Some of the actions taken by Special Counsel Robert Mueller are unconstitutional because the Russia probe stepped over the legal line, claims one of the nation’s most prominent legal scholars.
“At issue is the Constitution’s Appointments Clause, which provides that ‘principal officers’ must be appointed by the president with the Senate’s consent,” Steven G. Calabresi, who teaches out of Northwestern Pritzker School of Law wrote in an op-ed in The Wall Street Journal. According to Calabresi, Mueller is acting like a principal officer. The special counsel, after all, is “investigating a large number of people” and has charged defendants for alleged crimes unrelated to Russian collusion (eg. Paul Manafort). Remember, the Special Counsel was appointed by Deputy Attorney General Rod Rosenstein after Attorney Jeff Session recused from the Moscow probe.
“That’s too much power for an inferior officer to have,” Calabresi wrote. “Only a principal officer, such as a U.S. attorney, can behave the way Mr. Mueller is behaving. Mr. Mueller is much more powerful today than any of the 96 U.S. attorneys. He is behaving like a principal officer.”
He points to the majority decision in the 7-1 ruling in the 1988 U.S. Supreme Court case Morrison v. Olson. Justices upheld the independent counsel provisions of the Ethics in Government Act of 1978. For Calabresi, the important part are the limits that the ruling set for an “inferior officer” like what Mueller is supposed to be.
From the op-ed:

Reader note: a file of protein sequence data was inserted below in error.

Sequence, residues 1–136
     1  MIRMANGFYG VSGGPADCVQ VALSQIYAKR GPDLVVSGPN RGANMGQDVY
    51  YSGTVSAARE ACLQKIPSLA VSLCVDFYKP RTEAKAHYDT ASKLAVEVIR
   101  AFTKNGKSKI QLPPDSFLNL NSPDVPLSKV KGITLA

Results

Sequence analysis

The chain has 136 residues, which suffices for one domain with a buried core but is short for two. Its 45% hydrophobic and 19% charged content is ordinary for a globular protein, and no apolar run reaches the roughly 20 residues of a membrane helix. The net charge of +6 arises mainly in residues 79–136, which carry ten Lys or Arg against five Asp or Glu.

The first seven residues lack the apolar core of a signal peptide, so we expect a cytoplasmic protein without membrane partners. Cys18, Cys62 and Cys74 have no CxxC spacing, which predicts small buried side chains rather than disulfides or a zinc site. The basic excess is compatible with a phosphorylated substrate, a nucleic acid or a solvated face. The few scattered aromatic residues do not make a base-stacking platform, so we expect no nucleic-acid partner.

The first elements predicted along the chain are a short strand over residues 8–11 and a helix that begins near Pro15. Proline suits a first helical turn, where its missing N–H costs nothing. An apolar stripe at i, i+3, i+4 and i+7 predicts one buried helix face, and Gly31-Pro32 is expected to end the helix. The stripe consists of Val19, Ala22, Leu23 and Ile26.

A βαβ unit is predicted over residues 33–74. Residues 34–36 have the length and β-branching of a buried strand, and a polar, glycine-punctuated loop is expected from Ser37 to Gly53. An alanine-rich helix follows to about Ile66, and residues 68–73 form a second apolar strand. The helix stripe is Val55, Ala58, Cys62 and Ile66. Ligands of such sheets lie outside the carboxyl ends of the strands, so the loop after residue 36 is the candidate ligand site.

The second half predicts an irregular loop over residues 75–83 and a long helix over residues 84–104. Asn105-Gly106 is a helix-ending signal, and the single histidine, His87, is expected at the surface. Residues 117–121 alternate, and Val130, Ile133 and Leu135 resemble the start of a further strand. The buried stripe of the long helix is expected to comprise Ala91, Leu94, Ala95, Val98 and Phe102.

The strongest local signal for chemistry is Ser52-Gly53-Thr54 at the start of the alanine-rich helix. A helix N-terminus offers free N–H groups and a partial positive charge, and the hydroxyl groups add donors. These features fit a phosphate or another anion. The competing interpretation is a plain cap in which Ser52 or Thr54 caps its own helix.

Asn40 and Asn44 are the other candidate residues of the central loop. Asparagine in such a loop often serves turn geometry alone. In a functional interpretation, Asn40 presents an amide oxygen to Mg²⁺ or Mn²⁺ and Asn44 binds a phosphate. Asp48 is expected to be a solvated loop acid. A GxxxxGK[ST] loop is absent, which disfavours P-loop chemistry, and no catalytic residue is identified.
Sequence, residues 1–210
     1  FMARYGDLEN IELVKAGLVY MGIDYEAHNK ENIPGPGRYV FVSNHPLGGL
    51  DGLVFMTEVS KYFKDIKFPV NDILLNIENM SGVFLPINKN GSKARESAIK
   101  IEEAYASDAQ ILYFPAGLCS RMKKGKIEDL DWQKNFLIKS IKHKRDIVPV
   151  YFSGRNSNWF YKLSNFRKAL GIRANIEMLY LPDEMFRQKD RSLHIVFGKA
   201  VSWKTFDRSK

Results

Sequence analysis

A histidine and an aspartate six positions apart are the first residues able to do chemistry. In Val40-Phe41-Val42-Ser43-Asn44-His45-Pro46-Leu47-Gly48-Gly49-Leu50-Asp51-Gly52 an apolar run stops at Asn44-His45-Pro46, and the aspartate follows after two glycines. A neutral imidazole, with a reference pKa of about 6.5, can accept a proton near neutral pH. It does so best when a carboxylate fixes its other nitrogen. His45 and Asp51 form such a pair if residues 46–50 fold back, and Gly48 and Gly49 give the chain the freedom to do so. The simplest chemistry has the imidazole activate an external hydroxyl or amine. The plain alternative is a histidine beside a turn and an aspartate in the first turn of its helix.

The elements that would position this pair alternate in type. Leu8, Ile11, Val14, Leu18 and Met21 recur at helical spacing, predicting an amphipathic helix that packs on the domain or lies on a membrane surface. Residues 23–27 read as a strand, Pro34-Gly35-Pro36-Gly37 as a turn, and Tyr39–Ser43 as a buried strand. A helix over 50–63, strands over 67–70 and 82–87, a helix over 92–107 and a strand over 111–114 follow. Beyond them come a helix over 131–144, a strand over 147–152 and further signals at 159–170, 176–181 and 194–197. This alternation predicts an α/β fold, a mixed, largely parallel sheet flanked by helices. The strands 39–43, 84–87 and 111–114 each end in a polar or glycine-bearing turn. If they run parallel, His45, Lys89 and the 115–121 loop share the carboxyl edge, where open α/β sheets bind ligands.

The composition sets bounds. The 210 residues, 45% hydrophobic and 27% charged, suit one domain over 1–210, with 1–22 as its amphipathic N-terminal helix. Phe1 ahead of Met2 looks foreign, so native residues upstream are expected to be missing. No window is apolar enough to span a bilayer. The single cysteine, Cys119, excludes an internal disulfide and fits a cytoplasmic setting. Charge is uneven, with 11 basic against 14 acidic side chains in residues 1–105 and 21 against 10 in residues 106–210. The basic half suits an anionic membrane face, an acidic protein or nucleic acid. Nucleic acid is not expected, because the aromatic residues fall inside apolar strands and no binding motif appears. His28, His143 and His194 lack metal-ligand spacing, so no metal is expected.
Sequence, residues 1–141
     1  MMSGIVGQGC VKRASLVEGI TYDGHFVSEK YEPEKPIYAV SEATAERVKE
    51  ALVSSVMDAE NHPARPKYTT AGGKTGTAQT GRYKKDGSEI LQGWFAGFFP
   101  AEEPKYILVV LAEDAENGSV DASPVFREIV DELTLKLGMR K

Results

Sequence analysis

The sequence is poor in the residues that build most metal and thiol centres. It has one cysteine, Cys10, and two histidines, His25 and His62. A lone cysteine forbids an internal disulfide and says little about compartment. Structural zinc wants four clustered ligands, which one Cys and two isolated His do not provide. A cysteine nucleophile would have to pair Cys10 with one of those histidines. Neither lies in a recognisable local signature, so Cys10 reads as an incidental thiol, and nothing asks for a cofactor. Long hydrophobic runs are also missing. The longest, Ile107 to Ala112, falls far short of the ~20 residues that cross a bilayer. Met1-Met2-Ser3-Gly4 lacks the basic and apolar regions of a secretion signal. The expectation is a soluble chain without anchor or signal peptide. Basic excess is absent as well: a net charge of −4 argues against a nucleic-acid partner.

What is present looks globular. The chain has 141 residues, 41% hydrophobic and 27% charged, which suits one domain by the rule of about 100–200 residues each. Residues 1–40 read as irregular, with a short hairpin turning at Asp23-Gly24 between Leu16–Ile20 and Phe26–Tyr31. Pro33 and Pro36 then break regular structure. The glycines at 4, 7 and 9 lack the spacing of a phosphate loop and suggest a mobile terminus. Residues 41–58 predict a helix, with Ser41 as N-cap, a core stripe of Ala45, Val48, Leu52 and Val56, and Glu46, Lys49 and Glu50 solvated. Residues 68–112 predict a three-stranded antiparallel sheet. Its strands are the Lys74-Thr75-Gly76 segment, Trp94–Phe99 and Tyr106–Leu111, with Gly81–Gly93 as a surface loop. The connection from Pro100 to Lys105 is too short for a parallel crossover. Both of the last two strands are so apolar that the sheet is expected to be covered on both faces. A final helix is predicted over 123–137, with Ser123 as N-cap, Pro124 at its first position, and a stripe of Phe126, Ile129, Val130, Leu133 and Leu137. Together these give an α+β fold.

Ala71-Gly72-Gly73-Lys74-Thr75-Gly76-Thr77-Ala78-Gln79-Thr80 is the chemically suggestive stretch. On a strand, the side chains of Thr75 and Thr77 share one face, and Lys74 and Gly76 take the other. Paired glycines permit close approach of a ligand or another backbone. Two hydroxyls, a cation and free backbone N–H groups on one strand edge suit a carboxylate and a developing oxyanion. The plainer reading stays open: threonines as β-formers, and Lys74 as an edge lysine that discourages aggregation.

[Chief Justice William] Rehnquist wrote that independent counsel Alexia Morrison qualified as an “inferior officer,” not subject to the appointment process, because her office was “limited in jurisdiction” to “certain federal officials suspected of certain serious federal crimes.”
So Morrison’s appointment was fine under the Constitution, but for Calabresi, Mueller’s actions sit outside these bounds because they go beyond the original mandate.
For the context of context, it’s worth mentioning that Calabresi is a bit of Trump fan. In a February 1, 2017, op-ed for Fox News he said the current POTUS had the “best incoming cabinet of any president since Abraham Lincoln’s famous Team of Rivals in 1861.” He also helped co-found the Federalist Society, of which he is still named as chairman of the Board of Directors. Leonard Leo, the group’s executive vice president, advised the White House on the nomination of Justice Neil Gorsuch and other federal judges, but Calabresi reportedly said Leo was doing this in a personal capacity, not as part of the Federalist Society.
[Image via Alex Wong/Getty Images]